2. Transient bacteremia is common, but it is usually of no clinical importance. Often seen for a few minutes after a variety of dental procedures, it has also been shown to develop after normal childbirth and manipulations such as bronchoscopy, sigmoi-doscopy, cystoscopy, and some surgical procedures. Even simple activities such as tooth brushing or chewing candy can cause such bacteremia. The organisms responsi-ble for transient bacteremia are the common surface flora of the manipulated site such as viridans streptococci (oropharynx) and are usually of low virulence. Other, more virulent strains may also be involved, however; for example, intravenous drug abuse may lead to transient bacteremia with Staphylococcus aureus or a variety of Gram-negative aerobic and anaerobic bacteria. Whether or not the organisms causing bac-teremia (or fungemia) are of high virulence, they can colonize and multiply in the heart if local endothelial changes are suitable.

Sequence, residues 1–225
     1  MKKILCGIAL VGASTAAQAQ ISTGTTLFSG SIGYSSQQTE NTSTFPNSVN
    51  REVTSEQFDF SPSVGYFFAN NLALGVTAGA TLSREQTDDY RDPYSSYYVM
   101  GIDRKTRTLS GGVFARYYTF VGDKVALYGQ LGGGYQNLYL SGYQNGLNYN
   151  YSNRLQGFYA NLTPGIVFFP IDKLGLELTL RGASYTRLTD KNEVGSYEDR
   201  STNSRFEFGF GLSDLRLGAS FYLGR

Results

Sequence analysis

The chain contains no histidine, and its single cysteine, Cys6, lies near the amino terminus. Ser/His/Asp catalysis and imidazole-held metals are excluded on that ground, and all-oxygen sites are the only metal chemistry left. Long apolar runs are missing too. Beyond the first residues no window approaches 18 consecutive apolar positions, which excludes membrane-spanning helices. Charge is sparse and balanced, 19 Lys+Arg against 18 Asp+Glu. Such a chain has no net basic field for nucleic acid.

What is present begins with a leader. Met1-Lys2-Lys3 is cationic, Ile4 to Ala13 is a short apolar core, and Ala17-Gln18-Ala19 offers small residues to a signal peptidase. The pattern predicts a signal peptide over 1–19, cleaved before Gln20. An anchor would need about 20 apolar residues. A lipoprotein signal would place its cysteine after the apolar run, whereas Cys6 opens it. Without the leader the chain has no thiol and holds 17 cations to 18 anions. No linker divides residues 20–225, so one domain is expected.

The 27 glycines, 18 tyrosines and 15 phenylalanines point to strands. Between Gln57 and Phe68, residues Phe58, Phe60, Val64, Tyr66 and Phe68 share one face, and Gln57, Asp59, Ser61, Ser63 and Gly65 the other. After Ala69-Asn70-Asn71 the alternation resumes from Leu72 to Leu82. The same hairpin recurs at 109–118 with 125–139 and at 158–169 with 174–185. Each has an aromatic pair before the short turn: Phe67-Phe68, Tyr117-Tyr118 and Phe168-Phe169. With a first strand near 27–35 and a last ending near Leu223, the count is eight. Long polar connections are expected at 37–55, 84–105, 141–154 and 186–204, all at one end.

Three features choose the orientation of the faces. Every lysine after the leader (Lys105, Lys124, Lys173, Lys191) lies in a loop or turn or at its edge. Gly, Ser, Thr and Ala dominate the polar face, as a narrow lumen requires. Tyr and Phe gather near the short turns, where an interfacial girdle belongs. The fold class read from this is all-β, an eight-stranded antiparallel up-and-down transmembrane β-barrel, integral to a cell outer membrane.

3. Circulating organisms adhere to the damaged surface, followed by complement acti-vation, inflammation, fibrin, and platelet deposition and further endothelial damage at the site of colonization. The resulting entrapment of organisms in the thrombotic “mesh” of platelets, fibrin, and inflammatory cells leads to a mature vegetation, which protects the organisms from host humoral and phagocytic immune defenses, and to some extent from antimicrobial agents. As a result, the infection can be exceedingly difficult to treat. The vegetation can also create greater hemodynamic alterations in terms of obstruction to flow and increased turbulence. Parts of vegetations may break off and be deposited in smaller blood vessels (embolization) with resultant obstruc-tion and secondary sites of infection. Emboli may be transported to the brain or coro-nary arteries, for example, with disastrous results.